This movie was well received for two reasons. First, it was a highly anticipated sequel to a very successful movie. Second, it centred on a pop culture villain that is only slightly less popular than Darth Vader. Add in a very good interpretation of that villain by Heath Ledger and it was destined to be remembered as better than it was. I don’t want to speak ill of the dead but, if Ledger hadn’t passed away shortly after this movie, it would still be remembered as a good performance. But it wouldn’t have the legendary status that it has received as his swansong legacy.
Again, I don’t want to take anything away from it because the performance is top notch. We’re used to the Joker being a real clown with no basis in reality. Instead, Ledger seemed to take Jack Nicholson’s Joker from the 1990 Batman, threw in some Johnny Depp inspiration and made him devoid of any morality. The end result is a sociopath that just wants to make the world a worse place. The only problem I had with the performance was that, about halfway through, Ledger started constantly licking his lips for some unexplained reason. That was very distracting. I also didn’t care for the teasing of the audience with him “explaining” how he got the scars. In a genre of film where character background is so important, they took a big one and completely changed it from the canon. But that isn’t Ledger’s fault. He took what was written and made it chilling.
It’s the fault of the writing and film making in general. I really think Christopher Nolan dropped the ball on this one. The writing and story is a not even thinly veiled commentary on giving up civil liberties in the face of terrorism. The absolute preachiness of this film made it difficult to watch. Then, there’s the model of Gotham itself. Nolan took a city that he portrayed as dark, cramped and depraved in Batman Begins and made it a much lighter and less congested Chicago (oops … I mean … Gotham). I believe he was trying to show how the city was digging itself out of hell but the change is just so drastic for a period of one year. It also really takes away from the continuity of the series. That’s something almost unforgivable when both movies are made and written by the same director.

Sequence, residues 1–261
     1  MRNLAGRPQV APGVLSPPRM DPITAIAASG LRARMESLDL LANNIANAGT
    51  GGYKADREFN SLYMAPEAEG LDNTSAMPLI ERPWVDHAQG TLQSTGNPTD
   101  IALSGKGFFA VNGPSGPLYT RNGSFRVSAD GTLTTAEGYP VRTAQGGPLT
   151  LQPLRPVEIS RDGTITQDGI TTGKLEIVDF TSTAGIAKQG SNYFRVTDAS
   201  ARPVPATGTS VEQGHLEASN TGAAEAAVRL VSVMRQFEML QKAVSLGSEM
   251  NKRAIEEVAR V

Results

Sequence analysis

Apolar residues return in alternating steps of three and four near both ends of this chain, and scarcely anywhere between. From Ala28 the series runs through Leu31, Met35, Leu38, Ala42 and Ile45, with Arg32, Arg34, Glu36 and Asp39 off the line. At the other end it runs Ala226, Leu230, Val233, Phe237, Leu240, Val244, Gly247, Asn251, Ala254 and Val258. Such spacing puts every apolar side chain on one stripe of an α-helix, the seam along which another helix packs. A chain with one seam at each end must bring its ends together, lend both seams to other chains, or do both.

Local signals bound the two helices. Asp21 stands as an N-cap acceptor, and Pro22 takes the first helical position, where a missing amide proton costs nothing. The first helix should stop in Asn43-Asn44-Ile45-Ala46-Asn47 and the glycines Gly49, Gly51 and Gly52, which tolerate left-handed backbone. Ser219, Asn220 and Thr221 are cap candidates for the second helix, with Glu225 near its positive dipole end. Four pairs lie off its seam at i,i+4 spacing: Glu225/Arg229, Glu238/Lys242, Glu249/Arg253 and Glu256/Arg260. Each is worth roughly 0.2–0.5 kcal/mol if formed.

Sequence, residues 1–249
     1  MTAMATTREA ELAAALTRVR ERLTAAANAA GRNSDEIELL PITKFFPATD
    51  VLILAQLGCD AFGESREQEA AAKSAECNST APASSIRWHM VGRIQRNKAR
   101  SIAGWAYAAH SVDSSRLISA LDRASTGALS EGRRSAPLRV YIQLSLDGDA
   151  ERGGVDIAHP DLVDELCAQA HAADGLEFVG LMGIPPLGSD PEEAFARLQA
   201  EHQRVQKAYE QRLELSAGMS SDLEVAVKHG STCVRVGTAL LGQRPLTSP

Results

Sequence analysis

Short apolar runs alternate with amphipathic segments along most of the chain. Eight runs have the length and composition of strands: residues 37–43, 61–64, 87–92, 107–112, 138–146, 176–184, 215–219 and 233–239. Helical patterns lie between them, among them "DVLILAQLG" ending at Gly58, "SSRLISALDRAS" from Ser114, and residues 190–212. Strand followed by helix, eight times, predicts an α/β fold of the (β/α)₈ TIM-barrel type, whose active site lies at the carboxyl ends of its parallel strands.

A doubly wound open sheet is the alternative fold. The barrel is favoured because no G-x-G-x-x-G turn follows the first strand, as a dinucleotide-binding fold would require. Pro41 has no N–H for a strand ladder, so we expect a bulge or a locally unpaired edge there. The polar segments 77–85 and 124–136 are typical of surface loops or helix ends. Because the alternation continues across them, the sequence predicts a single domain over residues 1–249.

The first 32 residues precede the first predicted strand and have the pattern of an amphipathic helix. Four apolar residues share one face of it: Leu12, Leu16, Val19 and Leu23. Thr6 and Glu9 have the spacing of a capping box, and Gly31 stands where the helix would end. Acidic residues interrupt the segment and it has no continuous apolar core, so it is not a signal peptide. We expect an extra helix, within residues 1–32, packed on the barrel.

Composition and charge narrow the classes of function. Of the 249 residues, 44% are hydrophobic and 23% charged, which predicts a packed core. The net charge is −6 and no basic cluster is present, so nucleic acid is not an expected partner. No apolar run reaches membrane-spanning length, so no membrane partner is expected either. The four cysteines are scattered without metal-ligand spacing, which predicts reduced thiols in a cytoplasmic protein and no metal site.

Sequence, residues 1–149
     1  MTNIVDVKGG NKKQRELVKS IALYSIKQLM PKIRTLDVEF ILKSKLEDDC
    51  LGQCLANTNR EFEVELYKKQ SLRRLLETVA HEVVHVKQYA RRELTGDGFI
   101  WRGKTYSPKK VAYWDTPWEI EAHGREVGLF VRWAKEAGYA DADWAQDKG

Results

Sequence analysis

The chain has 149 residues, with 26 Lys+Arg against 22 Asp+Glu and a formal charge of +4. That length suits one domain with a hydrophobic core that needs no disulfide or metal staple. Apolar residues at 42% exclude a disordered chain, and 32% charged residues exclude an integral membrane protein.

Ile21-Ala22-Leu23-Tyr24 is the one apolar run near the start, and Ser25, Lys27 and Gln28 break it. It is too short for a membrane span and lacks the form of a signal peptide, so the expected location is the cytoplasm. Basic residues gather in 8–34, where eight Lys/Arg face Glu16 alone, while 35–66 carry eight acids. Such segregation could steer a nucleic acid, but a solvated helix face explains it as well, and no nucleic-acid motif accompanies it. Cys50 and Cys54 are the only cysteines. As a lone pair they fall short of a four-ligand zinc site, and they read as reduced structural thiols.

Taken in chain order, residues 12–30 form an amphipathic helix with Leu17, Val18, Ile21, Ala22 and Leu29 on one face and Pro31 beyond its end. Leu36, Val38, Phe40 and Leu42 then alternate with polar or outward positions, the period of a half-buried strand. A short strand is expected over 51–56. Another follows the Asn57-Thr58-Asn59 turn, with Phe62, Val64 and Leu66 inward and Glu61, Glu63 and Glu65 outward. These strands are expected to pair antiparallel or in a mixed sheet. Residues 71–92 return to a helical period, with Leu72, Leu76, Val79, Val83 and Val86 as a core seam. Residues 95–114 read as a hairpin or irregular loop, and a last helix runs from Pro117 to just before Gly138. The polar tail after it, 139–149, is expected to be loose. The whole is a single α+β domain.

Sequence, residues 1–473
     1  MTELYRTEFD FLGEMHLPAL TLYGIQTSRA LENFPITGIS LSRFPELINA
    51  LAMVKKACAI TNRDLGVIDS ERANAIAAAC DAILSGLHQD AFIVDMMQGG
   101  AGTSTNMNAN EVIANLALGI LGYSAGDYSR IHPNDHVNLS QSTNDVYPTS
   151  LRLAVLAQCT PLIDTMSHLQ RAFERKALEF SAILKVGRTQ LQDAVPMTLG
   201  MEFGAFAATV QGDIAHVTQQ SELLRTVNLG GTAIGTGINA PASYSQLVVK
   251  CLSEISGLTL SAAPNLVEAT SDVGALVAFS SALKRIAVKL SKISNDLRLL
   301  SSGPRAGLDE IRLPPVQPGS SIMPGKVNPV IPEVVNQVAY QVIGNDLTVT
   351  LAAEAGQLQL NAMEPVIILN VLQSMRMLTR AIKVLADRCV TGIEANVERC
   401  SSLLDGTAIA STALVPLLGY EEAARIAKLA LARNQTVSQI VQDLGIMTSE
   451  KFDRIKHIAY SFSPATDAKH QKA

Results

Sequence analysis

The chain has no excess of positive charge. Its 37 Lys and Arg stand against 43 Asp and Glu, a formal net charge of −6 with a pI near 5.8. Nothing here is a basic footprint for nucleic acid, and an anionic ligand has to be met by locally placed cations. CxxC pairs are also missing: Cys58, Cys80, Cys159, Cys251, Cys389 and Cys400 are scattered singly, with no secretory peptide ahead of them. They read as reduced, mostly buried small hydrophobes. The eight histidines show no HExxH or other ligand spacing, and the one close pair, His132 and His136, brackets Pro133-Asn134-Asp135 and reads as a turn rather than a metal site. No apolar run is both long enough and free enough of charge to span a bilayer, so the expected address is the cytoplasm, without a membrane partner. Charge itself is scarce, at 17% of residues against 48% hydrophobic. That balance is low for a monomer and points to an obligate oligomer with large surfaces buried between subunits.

Finally, with the exception of Ledger, the acting is quite poor. Christian Bale took his annoying gravelly voice of Batman from the first one and managed to make it even more difficult to listen to and believe. It was almost as if the new suit Fox made for him was cutting off circulation to his brain. Then, they decide to bring in one of the worst big name actors Hollywood has in Aaron Eckhart to play Harvey Dent. The combination results in very forced and cheesy dialogue, especially when any kind of emotion from either Batman or Dent is involved.
It needs to be seen if you want to watch the trilogy. But, if you want to watch a stand-alone movie, don’t see it. There’s nothing better in the action or story to make it stand out from Batman Begins. The great performance from Ledger is outweighed by the poor film making and political agenda.